CAP-AND-TRADE IN THE WEST
March 25, 2009
Specific proposals that several Western states would implement to comply with a proposed cap-and-trade carbon emissions control pact would destroy jobs and erode income, according to a report co-released by the Beacon Hill Institute (BHI) and the Washington Policy Center (WPC).
Reviewing the three cap-and-trade recommendations -- that consider "narrow" and "broad" market coverage and the use of offsets -- made by the Western Climate Initiative (WCI), the authors identified several flaws made by the seven-state consortium, consisting of Arizona, California, Montana, New Mexico, Oregon, Utah and Washington. Thus, calling into question the so-called cost savings of $11.4 billion to $23.5 billion heralded by WCI.
Under a scenario in which 25 percent of greenhouse gas emission permits would be auctioned off to emitters in a cap-and-trade scheme, BHI determined that the seven states:
- Would lose between 35,177 to 165,397 private sector jobs, while the permit revenue would allow the states to hire up to 19,710 state employees.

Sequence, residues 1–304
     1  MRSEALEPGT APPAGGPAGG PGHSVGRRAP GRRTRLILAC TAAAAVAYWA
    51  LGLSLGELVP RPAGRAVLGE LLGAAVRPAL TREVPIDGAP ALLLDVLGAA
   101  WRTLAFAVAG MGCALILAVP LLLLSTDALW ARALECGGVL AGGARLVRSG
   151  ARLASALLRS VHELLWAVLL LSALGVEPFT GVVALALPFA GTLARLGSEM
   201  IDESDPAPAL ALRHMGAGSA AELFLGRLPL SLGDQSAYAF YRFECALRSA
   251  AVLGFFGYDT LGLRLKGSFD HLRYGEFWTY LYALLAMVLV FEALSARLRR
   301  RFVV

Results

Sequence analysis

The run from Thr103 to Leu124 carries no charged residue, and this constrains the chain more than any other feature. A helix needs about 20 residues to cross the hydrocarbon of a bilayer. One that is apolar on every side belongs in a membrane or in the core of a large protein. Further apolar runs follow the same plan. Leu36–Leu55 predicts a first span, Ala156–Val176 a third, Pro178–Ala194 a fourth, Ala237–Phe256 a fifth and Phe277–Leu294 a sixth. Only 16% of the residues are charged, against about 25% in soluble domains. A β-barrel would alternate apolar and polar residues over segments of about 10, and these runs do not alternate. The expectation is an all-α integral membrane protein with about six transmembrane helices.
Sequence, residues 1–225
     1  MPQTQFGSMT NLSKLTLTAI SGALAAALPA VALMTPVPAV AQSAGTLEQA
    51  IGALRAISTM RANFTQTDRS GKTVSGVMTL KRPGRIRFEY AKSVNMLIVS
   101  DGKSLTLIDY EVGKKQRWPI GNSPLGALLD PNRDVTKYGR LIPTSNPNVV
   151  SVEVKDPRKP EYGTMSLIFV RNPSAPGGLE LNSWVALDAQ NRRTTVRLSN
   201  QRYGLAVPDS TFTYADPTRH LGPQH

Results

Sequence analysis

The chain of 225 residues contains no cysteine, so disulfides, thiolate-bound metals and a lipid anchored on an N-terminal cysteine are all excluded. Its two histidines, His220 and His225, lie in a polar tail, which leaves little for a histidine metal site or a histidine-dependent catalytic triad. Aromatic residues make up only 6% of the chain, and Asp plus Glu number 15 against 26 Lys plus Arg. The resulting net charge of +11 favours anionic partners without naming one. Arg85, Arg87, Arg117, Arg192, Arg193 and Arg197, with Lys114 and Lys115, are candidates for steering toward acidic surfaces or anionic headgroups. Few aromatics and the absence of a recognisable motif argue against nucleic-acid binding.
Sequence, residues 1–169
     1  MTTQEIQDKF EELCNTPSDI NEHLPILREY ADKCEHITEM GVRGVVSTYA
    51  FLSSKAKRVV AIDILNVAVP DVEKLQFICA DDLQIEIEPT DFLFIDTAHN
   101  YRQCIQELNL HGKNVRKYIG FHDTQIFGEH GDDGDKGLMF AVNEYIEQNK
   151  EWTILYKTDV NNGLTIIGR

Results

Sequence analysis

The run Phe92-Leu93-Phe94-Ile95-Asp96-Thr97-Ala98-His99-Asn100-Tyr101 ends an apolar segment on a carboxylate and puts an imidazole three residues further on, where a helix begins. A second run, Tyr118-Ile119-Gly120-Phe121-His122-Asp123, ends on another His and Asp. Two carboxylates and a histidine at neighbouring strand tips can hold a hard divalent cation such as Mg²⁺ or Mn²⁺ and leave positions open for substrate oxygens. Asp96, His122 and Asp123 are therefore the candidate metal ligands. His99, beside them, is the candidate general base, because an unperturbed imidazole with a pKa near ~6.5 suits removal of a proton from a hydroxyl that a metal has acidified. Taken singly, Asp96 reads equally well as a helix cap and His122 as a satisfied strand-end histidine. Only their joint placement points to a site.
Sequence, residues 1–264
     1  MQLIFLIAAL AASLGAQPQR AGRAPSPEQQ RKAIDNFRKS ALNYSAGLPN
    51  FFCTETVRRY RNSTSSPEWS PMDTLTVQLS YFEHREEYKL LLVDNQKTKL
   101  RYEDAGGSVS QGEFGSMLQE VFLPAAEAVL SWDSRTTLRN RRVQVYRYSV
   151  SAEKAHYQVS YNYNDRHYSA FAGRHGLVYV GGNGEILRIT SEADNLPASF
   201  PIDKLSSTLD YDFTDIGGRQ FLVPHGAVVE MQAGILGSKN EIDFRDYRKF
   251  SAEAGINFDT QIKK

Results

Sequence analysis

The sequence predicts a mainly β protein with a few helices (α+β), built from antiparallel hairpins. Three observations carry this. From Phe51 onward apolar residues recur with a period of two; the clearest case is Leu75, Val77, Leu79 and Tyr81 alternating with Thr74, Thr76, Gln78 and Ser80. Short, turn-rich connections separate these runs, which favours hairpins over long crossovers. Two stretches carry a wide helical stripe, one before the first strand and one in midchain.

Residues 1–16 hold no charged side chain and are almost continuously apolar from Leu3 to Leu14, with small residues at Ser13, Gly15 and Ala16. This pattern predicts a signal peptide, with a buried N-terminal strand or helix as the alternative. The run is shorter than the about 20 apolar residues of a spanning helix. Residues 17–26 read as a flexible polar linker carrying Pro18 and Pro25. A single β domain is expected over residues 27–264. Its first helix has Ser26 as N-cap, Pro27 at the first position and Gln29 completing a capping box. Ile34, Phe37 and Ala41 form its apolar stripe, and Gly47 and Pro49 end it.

- Would put investment by firms at serious risk by slowing investment in the region by $1.6 billion to $4.5 billion.
- Would diminish total personal income, which would fall by $10.2 billion to $47.71 billion per year.
Moreover, BHI found that none of the 7 WCI states would escape economic harm should cap-and-trade be imposed. Take Washington State for example. The state could lose:
- 18,292 net jobs.
- $5.71 billion in personal income.
- $302.54 in per capita disposable income.
The proposals' negative economic effects stem from the price and tax increases the states would impose on the energy and transportation sectors. Because a cap on carbon emissions is effectively a tax on energy production that is passed to industry, businesses and consumers, the effect is likely to drive commerce and jobs to other states or countries, says BHI.
Source: David G. Tuerck et al., "The Economic Analysis of the Western Climate Initiative's Regional Cap-and-Trade Program, Washington Policy Center, March 2009.
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